The wildfires left vast expanses of terrain and hillsides bare and when heavy rains arrive this winter, experts predict that flooding and mudslides are not far behind.  Recognizing that these secondary impacts represent a serious threat, the Red Cross will be collaborating with local communities to increase personal preparedness and strengthening the existing volunteer corps to ensure the community is ready to respond if and when another disaster strikes.

The Red Cross provides potentially life-saving preparedness apps that are absolutely free. There are apps for first aid, tornadoes, hurricanes, flood, wildfire, and earthquake that can be programmed to give an audible warning should an event be imminent. They are filled with important information on what to do before, during, and after an event, and provide directions to Red Cross shelters. Recently, the Red Cross came out with an Emergency app that combines in one place many of the features of the individual apps described above. All of these apps are free of charge. They can be found and downloaded by going to your particular app store and searching “Red Cross” or from the Red Cross website at www.redcross.org.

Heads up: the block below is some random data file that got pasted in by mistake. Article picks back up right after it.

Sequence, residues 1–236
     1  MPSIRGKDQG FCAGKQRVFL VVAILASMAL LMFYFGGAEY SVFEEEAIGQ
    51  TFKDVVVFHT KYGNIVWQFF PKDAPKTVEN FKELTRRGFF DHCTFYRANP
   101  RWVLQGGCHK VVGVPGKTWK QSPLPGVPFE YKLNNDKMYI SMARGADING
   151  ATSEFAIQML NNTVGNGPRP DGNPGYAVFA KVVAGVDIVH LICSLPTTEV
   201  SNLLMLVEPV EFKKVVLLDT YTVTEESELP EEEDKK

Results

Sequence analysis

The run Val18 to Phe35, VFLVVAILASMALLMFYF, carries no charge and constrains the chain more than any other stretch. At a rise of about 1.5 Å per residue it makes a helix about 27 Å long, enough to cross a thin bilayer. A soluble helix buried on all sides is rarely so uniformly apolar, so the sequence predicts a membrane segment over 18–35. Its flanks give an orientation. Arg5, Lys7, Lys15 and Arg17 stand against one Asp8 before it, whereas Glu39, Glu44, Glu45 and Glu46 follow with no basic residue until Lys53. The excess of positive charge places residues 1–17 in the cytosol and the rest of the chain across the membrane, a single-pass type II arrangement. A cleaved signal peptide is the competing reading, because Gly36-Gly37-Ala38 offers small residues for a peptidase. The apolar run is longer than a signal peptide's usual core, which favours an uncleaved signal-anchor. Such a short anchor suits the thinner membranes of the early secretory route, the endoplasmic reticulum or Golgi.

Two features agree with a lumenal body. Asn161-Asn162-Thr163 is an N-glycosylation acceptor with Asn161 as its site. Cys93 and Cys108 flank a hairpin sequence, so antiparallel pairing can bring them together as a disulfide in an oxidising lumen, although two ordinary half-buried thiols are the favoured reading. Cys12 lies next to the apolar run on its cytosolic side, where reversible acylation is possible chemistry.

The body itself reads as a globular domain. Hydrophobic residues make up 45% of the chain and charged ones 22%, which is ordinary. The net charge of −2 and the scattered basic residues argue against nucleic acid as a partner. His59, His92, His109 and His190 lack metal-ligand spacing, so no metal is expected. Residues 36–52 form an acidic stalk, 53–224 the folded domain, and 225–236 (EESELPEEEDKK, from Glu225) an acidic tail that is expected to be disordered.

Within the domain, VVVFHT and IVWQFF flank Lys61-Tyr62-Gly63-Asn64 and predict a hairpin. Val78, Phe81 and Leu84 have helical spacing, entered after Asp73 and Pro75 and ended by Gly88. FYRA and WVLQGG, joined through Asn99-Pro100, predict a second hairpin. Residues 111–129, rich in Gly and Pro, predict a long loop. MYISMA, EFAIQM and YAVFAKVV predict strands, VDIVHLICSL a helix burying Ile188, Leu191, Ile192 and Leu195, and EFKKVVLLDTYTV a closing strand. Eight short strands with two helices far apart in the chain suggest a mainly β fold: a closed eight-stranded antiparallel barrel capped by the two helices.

No matter what the disaster is, the American Red Cross is hard at work at some phase of the Disaster Cycle and often on multiple phases at the same time. The Red Cross is here today to serve those who have lost so much, and it will be ready to serve when a future disaster strikes again.

A Picture Is Worth 1000 words – check out the images captured during the Butte Fire Response – Butte Fire Pictures

American Red Cross Establishes Public Information Line in Response to the Butte Fire

ButteFire-ABC10Jackson, CA – Saturday, September 12, 2015 – The American Red Cross has established a public information line for inquiries from the public regarding Red Cross services during the Butte Fire.